You are on page 1of 22

Environmental Impacts

Lesson 1.2
23 slides
Lighting Impacts
Electrical lighting has a large impact on our
environment
It is one of the major energy uses of
buildings and exterior applications
Reducing lighting energy use has the
secondary effects of reducing air pollution,
global warming and water use from the
generation of electricity
2001 EDR Lights Basic Training 2
Energy Impacts
Buildings consume about 1/3 of national energy use
Electricity accounts for almost 80% of all building
energy consumption
Thus, lighting represents Industrial
16%
about 23% of national
Street Lighting
energy consumption and Other
4%
The pie chart shows Commercial Residential
how this energy use is 60% 20%

distributed among building types

2001 EDR Lights Basic Training 3


Impacts on Electricity Generation
The majority of lighting for non-residential buildings
occurs during peak demands on the utility grid
For every kilowatt of lighting saved during the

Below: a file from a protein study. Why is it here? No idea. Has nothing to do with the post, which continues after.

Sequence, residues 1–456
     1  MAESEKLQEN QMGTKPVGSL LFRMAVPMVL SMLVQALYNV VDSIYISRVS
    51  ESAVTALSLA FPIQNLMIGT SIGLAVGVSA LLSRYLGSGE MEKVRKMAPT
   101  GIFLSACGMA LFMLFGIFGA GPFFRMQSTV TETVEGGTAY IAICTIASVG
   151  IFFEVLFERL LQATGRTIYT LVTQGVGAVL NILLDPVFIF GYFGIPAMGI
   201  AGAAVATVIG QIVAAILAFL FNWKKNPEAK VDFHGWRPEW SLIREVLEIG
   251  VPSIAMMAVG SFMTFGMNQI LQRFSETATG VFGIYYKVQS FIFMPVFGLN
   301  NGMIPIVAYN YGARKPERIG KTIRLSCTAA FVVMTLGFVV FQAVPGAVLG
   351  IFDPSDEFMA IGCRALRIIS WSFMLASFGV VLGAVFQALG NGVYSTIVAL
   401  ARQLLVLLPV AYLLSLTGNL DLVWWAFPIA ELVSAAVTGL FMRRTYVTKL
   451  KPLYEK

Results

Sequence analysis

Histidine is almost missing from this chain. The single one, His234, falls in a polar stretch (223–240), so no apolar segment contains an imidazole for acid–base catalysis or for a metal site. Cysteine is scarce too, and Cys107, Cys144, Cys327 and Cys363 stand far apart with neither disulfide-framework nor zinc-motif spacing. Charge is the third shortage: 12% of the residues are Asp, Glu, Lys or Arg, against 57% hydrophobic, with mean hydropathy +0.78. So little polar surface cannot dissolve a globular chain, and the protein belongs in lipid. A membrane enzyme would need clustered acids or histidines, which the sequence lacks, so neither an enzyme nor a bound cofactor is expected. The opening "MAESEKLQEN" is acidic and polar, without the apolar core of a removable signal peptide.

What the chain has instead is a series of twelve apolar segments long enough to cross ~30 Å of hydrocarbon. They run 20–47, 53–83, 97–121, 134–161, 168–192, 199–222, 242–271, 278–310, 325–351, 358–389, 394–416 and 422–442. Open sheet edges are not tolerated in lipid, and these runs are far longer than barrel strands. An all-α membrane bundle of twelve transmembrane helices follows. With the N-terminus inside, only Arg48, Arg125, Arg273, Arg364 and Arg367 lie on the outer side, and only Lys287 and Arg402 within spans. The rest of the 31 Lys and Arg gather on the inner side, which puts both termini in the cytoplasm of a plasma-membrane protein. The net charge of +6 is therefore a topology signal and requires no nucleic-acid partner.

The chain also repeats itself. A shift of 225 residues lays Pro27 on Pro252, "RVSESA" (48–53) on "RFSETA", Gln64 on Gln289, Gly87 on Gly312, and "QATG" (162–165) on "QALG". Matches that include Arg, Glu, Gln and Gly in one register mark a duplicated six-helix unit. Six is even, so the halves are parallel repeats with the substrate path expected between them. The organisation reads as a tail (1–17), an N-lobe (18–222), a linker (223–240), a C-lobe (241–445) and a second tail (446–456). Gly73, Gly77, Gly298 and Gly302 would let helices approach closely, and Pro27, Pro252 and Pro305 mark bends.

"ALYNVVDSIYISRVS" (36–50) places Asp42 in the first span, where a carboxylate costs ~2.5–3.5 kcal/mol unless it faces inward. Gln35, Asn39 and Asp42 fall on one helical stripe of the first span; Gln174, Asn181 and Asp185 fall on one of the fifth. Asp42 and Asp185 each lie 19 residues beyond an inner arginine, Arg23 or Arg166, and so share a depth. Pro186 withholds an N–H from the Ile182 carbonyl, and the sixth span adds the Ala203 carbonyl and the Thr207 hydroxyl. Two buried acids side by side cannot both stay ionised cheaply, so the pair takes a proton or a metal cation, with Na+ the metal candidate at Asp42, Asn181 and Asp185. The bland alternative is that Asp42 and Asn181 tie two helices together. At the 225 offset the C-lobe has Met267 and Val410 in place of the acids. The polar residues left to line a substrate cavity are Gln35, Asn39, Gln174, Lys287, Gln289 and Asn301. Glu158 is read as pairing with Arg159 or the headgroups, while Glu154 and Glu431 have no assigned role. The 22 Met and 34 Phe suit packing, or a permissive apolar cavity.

cooling season, another 10% to 20% in energy is
saved in reduced cooling needs.
If all workplaces in California could achieve optimum lighting
efficiency by 2010 (using just those technologies available in
1995), we could reduce our need for power by about 2,000
megawatts, or about four new huge power plants!
2001 EDR Lights Basic Training 4
Lighting Efficiency Technology Report, Vol II, page 49
Energy Use Patterns
The following slides look at lighting energy use
patterns for commercial buildings in general
The slides can help you understand where the
big savings can be, and how to go after
achieving significant savings
Individual buildings, of course, each have
unique operating characteristics, and must be
considered on a case by case basis

2001 EDR Lights Basic Training 5


California Commercial Lighting Energy Use
by Building Type
Medical/clinical Other Office and retail buildings
3% 7%
have the greatest share of
Grocery store
4% commercial building
Retail and
wholesale lighting energy use
Education
6% and resale statewide (65% total)
39%
General C&I Graph is for new buildings
Work 7% constructed since 1995: RLW
Analytics, Nonresidential New
C&I Storage Office Construction Baseline Study,
7% 26% July 1999
Advanced Lighting Guidelines 2001 * C&I = Commercial and
Industrial
2001 EDR Lights Basic Training 6
Total lighting energy use is a function of four